In only feels right to start this review with a little self deprecation. Way back in late March, this was my prediction for what Michael Tonkin contribute to the 2023 team:
Braves were already gonna have to add Adrianza, Pillar, and Chavez to the 40-man by Thursday. Now add Shuster AND Dodd. That’s 5 40-man spots. They can open up 4 easily but Michael Tonkin should probably prepare for a DFA. https://t.co/LLiWKK75PB— Stephen (@b_outliers) March 26, 2023
Yes, that’s me predicting Michael Tonkin would be designated for assignment a week into the season and most likely never heard from again. What an idiot. As you know by now that is not what happened to Tonkin in 2023. Not only was he not DFA’d in the first week, he was never DFA’d at all, and went from basically an unknown to a mainstay in the Braves bullpen in 2023.
Tonkin has been at this whole baseball thing for a while. He was originally drafted by the Minnesota Twins back in 2008, you know, three years before Freddie Freeman’s first season in Atlanta. He was a teenager, just out of high school, and he took the long way around the Twins minor league system, making an appearance for just about every minor league team they have. He finally got called up in 2013, and camped out as a generally-present but relatively low leverage reliever in Minnesota for the next five years before getting released in 2017. (Over five seasons and 146 1⁄3 innings, he had a 105 ERA-, 108 FIP-, and 98 xFIP-, which are not really numbers for any reliever but a mop-up guy, but there we are.)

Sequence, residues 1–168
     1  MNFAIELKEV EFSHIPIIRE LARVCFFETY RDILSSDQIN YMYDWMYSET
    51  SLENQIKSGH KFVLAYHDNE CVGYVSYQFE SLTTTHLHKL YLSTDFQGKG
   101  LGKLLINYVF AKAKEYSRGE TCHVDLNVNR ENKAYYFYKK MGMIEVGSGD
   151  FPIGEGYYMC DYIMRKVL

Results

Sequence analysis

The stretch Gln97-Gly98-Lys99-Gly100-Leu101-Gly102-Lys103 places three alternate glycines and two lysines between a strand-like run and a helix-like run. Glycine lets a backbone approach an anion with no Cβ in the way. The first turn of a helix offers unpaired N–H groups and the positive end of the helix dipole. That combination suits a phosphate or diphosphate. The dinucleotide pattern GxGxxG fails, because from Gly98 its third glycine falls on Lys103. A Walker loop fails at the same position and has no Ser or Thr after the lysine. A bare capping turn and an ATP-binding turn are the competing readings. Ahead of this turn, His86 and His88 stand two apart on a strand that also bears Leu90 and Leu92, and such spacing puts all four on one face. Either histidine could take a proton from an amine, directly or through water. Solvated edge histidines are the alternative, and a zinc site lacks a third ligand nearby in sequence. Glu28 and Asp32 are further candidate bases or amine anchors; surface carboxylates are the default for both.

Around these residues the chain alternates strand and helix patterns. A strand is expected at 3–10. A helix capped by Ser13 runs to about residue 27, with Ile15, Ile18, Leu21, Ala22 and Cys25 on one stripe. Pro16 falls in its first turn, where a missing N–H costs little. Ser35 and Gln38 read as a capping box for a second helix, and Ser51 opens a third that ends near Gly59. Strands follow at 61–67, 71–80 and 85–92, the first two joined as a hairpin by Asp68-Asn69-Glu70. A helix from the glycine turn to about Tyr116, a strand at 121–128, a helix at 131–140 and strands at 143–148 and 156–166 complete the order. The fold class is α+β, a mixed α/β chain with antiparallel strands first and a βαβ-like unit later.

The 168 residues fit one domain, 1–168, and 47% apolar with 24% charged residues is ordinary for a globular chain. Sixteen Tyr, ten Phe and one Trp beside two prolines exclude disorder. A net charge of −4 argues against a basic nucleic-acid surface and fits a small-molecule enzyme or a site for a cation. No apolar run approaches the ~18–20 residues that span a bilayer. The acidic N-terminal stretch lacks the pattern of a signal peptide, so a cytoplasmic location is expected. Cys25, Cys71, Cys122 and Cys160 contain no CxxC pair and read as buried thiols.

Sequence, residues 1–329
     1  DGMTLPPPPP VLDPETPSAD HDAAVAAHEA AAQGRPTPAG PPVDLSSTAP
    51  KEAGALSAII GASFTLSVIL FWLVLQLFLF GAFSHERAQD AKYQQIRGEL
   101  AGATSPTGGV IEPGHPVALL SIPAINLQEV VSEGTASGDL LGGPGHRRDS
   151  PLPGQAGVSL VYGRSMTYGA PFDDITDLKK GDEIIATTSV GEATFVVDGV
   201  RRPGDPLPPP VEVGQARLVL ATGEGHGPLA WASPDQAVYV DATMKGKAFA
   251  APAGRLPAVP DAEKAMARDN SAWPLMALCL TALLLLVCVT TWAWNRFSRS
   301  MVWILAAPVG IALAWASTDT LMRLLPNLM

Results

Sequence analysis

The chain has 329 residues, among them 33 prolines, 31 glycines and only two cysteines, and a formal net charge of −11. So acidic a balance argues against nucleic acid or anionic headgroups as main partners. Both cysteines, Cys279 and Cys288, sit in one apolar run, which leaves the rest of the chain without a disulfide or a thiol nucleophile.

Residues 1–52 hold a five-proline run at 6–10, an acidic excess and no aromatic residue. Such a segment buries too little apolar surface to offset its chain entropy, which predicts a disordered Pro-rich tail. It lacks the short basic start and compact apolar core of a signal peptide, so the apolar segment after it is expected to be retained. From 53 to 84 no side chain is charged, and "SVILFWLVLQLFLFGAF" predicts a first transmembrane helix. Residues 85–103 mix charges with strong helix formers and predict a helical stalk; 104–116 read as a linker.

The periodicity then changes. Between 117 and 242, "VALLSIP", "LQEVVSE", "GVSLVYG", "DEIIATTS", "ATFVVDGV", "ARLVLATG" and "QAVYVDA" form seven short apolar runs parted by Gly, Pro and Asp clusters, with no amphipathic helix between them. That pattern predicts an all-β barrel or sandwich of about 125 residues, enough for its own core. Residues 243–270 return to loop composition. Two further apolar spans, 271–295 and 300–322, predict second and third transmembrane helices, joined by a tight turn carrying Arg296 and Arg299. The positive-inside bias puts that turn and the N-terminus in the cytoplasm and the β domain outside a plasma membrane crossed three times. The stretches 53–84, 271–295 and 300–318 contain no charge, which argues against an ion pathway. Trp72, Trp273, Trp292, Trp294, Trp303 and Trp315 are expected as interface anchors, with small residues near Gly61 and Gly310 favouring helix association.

Tonkin then had a successful stint in Japan which earned him a couple more minor league deals stateside in 2019 and 2020, but he didn’t stick with his new organizations. In January 2022, Tonkin signed a minor league deal with Atlanta, and put together an outstanding year for Gwinnett, which put him on the team’s radar as a possible big league bullpen option for 2023 and earned him his Spring Training invite.
What were the expectations?
It had been a long, long time since Tonkin saw a major league field prior to 2023; over six years, in fact. As a result, any expectation north of “hope he just survives” was probably too high. But to be fair to him, his prior pitching was replacement level and not awful, and considering he had worked some long relief before, it wasn’t unreasonable to assume he could be a major league long man or mop-up guy somewhere.